SF: I respond to tactile, physical things—that’s why I love to make prints, paintings, murals, clothes, stickers, etc. However, I use digital media because it’s a great way to put my imagery in front of more people. But as much as possible, I reference what I do outside of digital media because I do think that personal experiences with tangible art are valuable. I also think that where tangible art is placed can be very important, not only from an aesthetic or contextual standpoint but from a philosophical standpoint. I think that the average person should have outlets for expression available in public space, even if that means bending the rules. I think both creator and viewer benefit from experiencing art in public more so than through a phone or a computer screen.
MLR: Bringing it back to Jupiter, how does it feel as a former skater kid from Charleston being asked to paint something that will affect and inspire high school kids, and what do you hope these students will gain from the wetlands project as a whole?
SF: Even though I wasn’t a huge fan of school until I went to art school, I do think that education is extremely important. Equally as important is the emphasis on how we as humans fit into the world and have a responsibility to take care of it. If my art can increase the appeal of environmental responsibility, then I feel an obligation to do whatever I can. Art is only one facet, but an important facet of life and culture—and I want to support JERFSA [Jupiter High School Environmental Research and Field Studies Academy] in both its creative and broader curriculum.
By Kristen Desmond LeFevre
The Perry J. Cohen Wetlands Laboratory in Jupiter aims to carry on the noble mission of an admirable young man.
When Jupiter teenager Perry Cohen disappeared at sea in July of 2015, his mother, Pamela, couldn’t help but mourn the dreams that departed along with him. “We have remained steadfast in the belief that Perry was meant to change the world,” she says. But it in her most difficult hours, simpler memories sustained her: his laugh, his “tender heart,” and his love for the local environment.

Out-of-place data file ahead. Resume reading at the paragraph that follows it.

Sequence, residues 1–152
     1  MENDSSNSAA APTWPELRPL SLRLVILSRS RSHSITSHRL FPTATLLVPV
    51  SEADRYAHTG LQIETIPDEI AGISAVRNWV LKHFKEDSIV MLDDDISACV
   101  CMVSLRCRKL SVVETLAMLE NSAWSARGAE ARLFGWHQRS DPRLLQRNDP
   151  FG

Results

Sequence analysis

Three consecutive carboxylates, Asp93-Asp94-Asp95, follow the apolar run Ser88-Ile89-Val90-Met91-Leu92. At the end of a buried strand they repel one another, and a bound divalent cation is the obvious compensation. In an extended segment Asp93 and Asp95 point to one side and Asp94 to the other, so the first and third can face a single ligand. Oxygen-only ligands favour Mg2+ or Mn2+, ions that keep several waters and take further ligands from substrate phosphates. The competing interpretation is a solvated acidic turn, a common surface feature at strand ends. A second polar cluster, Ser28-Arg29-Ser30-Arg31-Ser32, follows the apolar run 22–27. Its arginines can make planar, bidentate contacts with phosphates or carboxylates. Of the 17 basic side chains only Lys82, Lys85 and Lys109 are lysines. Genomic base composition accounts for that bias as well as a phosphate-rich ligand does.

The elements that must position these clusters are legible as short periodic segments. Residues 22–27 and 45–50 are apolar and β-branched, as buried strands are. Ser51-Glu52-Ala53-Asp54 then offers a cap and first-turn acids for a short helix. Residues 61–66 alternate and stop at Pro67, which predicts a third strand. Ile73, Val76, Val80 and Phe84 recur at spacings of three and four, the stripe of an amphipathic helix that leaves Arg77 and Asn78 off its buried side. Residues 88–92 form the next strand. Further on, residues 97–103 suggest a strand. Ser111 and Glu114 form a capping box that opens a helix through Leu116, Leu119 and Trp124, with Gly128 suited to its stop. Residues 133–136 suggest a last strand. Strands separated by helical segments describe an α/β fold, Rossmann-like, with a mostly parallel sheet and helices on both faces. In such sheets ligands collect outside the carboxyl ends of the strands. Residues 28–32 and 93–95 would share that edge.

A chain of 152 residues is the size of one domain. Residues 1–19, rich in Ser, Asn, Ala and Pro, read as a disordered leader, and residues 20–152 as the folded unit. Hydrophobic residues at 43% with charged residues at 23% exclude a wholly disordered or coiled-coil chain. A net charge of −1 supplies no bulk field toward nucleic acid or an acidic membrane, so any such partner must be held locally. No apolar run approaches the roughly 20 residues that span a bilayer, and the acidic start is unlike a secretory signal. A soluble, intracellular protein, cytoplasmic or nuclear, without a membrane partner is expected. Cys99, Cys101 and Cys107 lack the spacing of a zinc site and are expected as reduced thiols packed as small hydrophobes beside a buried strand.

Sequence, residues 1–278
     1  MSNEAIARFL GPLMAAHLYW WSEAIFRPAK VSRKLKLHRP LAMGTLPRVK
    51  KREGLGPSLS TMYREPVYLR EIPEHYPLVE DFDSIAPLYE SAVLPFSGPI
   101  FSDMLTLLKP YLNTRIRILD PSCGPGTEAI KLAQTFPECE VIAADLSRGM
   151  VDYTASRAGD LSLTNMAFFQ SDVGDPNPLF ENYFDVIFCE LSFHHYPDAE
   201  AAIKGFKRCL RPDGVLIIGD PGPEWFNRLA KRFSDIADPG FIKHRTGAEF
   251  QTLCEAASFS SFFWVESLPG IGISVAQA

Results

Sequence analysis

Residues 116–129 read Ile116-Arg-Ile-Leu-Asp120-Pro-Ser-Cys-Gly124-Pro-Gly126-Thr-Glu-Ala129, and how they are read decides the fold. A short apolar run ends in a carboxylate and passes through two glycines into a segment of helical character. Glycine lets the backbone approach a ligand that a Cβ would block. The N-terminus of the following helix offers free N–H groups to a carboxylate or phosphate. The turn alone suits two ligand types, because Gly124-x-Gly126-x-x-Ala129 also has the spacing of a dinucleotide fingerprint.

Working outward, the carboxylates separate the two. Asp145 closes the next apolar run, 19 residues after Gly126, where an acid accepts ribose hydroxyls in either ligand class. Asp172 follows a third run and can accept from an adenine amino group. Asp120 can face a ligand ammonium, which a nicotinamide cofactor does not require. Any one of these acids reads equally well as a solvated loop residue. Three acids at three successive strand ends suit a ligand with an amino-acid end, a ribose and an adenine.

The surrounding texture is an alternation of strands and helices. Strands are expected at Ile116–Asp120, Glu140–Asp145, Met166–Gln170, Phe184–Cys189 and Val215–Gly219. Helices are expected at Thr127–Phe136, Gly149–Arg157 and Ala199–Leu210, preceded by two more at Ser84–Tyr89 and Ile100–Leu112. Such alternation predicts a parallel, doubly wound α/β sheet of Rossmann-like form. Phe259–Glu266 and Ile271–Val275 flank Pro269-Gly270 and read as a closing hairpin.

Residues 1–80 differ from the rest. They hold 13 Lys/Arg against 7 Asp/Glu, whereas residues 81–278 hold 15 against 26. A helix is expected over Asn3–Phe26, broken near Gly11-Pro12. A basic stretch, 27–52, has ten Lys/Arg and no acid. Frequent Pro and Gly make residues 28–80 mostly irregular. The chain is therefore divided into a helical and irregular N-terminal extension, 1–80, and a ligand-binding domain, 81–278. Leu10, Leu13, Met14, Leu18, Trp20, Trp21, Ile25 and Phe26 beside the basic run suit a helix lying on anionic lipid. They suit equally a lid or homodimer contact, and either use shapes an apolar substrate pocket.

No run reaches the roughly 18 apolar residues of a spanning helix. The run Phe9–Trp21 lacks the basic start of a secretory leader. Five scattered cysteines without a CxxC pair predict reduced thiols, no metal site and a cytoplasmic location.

Pamela recalls that even as a toddler, Perry would collect beach garbage, exhorting his parents to cut those plastic six-pack holders into pieces to protect marine creatures from entrapment. “He was truly passionate about these things,” she recalls. “It was rooted in his being.”
Perry was thrilled when he was accepted to the Jupiter Environmental and Research Field Studies Academy at Jupiter Community High School. “Unfortunately, he went missing at sea two weeks prior to school starting,” Pamela says.
To make sense out of their senseless loss, Pamela and her husband, Nick Korniloff, founded the Perry J. Cohen Foundation (PJCF), an organization devoted to advancing things Perry held dear: environmental, marine, and wildlife education and preservation; the arts; teenage entrepreneurship; and boating safety.
PJCF’s latest project—the Perry J. Cohen Wetlands Laboratory and outdoor classroom—memorializes Perry at the high school he never got to attend. An existing water-retention pond is being transformed into a working laboratory and habitat, including a boardwalk, a dock, and a nature trail. The plan is for students to be able to utilize the area for study and learn about the environment in the environment, taking water samples and learning about various plant life.
“This outdoor classroom and habitat will educate tens of thousands of children throughout Palm Beach County over its lifetime,” Pamela says. “We believe this would make Perry very proud.”
In December 2017, artist Shepard Fairey—best known for creating the iconic “HOPE” poster from Barack Obama’s 2008 presidential campaign—unveiled a striking mural incorporating Perry’s portrait at the site. Pamela says Fairey was one of her son’s favorite artists.
“[Shepard] was able to capture Perry’s essence; it literally took my breath away,” Pamela says of the moment she first saw the finished mural. “I’m not sure of the exact words Perry would use, but I know one thousand percent he would absolutely love it and think it was the coolest thing on the planet!”
Pamela hopes the new facility will not only be a valuable educational opportunity for local students, but that it will also carry on their son’s legacy and give all who access it new perspective on the fragility of life: “Each day, when the students and staff arrive at the school, they are reminded that life is so precious and there is no guarantee of tomorrow.”